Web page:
Some radios comes with a power option that allows you to plug into your vehicle so you can charge the device while on the road via the lighter port. This is handy if you keep the radio in your car at all times or you travel by car a lot.
Being able to plug the radio into a regular AC outlet allows you to run the radio when you have electricity, thus saving battery consumption. This is nice to have if you’re planning to use your emergency radio for everyday use.
The vast majority of emergency radio run on batteries, however, if your radio is exclusively battery-powered, be sure to keep extra batteries ready. During emergency moments, exclusively battery powered radios would not be able to survive for long due to battery shortages.
These emergency radios have solar panels that get power from the sun. This is a great option if you’re living in sunshine states such as Florida or Texas, but not a great option if your living in a cloudy state or further up north such as in Canada.
Since batteries eventually run out and solar power may not be available during storms or at night, a hand crank is a great backup power option. The hand crank radio may seem like old school, but that is a misconception.
These devices are more applicable and more dependable than ever. They are multi-purpose and are one of the most reliable items in your emergency supplies arsenal.
Hand crank radios are classified as emergency kit essentials by emergency authorities. The updated emergency crank radios can receive NOAA weather alerts, have sustainable power, and emergency light. In a time of too much reliance on cell phones and the internet, these emergency radios can be a lifeline for information if modern information sources become unavailable.
These radios are essential whether you are off the grid camping or in an emergency. Hand crank radios will work when everything else has failed or run out. Hand crank radios are also more reliable than cell phones and the web. Cell sites and networks are prone to service interruptions due to foul weather, mechanical failure, solar flares, or sabotage.
When extreme weather results in a power failure, hand-crank radios are excellent for staying powered up and informed. A hand-cranked electrical generator is the source of power in a hand-crank radio, along with a rechargeable battery to store the generated energy.
The hand crank emergency radios offered today have multiple features and options. A word to the wise: use these options minimally as they draw power and may compromise their main purpose, which is to receive vital broadcasts. Here is a list of some common extras on a unit.
Cell phone charger
Sometimes, emergency radios have cell phone chargers. These act as another back-up power source for your smartphone in case you need to call your loved ones or to send emergency messages to the authorities.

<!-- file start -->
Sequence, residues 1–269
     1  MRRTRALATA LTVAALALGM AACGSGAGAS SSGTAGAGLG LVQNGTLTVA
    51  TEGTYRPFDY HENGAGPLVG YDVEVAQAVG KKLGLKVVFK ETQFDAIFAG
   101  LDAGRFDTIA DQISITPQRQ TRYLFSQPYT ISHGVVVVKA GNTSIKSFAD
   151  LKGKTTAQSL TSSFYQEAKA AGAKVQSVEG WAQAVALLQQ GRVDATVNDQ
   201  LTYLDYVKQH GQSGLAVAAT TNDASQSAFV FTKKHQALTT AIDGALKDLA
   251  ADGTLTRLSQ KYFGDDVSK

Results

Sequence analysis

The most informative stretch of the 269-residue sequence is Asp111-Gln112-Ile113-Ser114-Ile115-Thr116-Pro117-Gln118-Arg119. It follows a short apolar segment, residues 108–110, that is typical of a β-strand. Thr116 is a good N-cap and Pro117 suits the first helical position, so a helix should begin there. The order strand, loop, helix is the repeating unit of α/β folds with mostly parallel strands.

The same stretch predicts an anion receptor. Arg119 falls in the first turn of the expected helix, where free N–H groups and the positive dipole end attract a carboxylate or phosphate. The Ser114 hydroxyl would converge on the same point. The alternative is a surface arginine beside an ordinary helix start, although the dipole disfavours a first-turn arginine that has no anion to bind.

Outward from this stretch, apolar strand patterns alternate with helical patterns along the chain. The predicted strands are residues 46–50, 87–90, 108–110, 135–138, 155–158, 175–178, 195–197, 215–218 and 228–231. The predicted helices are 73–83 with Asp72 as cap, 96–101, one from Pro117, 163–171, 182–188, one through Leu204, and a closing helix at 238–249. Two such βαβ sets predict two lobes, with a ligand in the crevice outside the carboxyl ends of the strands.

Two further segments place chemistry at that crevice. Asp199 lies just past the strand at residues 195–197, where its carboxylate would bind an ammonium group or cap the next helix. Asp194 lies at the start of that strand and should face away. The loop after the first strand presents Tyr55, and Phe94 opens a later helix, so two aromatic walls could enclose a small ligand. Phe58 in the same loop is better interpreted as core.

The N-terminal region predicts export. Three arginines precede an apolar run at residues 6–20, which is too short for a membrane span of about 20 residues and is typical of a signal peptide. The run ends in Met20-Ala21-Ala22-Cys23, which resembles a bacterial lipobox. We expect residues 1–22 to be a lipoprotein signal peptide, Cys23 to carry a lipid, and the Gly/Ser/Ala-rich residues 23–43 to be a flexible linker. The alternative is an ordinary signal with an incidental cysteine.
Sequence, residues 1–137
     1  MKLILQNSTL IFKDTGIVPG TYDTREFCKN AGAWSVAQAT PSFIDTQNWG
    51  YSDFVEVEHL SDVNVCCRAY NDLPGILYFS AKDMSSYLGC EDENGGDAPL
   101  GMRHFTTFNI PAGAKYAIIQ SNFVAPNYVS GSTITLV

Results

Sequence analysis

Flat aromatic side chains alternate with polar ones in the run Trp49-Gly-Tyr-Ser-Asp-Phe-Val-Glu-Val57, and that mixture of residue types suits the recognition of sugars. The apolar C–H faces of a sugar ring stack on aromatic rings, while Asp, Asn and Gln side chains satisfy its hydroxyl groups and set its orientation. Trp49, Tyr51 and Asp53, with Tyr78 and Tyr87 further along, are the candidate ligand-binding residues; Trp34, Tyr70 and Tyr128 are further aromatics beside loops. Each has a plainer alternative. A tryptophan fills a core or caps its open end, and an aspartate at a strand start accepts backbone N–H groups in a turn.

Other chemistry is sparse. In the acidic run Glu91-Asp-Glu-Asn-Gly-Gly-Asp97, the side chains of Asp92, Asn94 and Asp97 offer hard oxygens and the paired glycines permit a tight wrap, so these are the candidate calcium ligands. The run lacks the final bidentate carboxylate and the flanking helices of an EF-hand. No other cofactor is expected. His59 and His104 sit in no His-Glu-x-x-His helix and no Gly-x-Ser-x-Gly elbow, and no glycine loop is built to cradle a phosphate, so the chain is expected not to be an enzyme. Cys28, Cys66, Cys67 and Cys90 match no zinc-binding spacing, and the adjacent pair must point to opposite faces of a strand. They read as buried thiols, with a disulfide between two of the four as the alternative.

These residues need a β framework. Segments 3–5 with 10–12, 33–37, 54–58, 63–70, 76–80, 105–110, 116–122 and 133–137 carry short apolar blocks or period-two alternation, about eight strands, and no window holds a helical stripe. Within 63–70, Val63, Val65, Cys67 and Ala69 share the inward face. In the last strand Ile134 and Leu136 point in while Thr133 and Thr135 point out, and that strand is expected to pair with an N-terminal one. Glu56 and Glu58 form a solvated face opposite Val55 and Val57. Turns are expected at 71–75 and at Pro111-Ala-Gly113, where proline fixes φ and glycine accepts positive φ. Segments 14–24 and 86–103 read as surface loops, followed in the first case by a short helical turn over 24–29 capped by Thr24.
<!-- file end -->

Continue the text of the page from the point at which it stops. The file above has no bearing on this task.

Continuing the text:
Some emergency radios have external speakers that allow you to share the broadcast information. However, use headphones or earbuds whenever possible to save batteries or when you need to be quiet.
A lot of emergency radios come with an attached digital clock. A convenient feature that can help you keep track of time during an emergency situation. Some radios even come with alarm clocks.
Emergency radios sometimes have a flashlight feature. This is good as a back up for your torch. However, don’t use this feature if you’re saving up on battery power because it will rapidly drain the power from your radio.
Blinking light or strobe
The flashlight feature above can also come with handy blink patterns that can help emergency responders identify your location. Handy in case you need to make distress signals or call someone’s attention.
Listener language options
This is a capability to listen to emergency broadcasts in languages besides English. This might be important if you live in an area where emergency broadcasts are not always broadcasted in English.
Some radios can pick up shortwave (SW) broadcasts. Shortwave stations are not emergency information and alerts sources, but listeners can tune in to broadcasts from all over the world.
Most outdoor oriented radios such as hunting radios and emergency radios are now equipped with impact resistant casing that is reinforced with extra plastic, rubber, or other padding that can absorb shock.
This gives you just a little bit more ruggedness in outdoor environments. A great feature to have during an emergency situation where the radio can be smashed around during the frenzy.
Provides added protection from the rain or an accidental water spill. A great feature to have when you are camping or outdoors. This is especially important if you live in areas where it frequently rains or for when you’re prepping for weather related disasters.
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[su_service title=”Eton Sidekick Ultimate Camping AM/FM/NOAA Radio with S.A.M.E Technology” icon=”icon: star” icon_color=”#2D3092″ size=”32″ class=””][/su_service]
The Eton Sidekick is a weather alert radio that is tough, rechargeable, reliable, and even solar-powered. It is splashproof, has a smartphone and tablet charging ports, Bluetooth streaming, and equipped with S.A.M.E. Technology.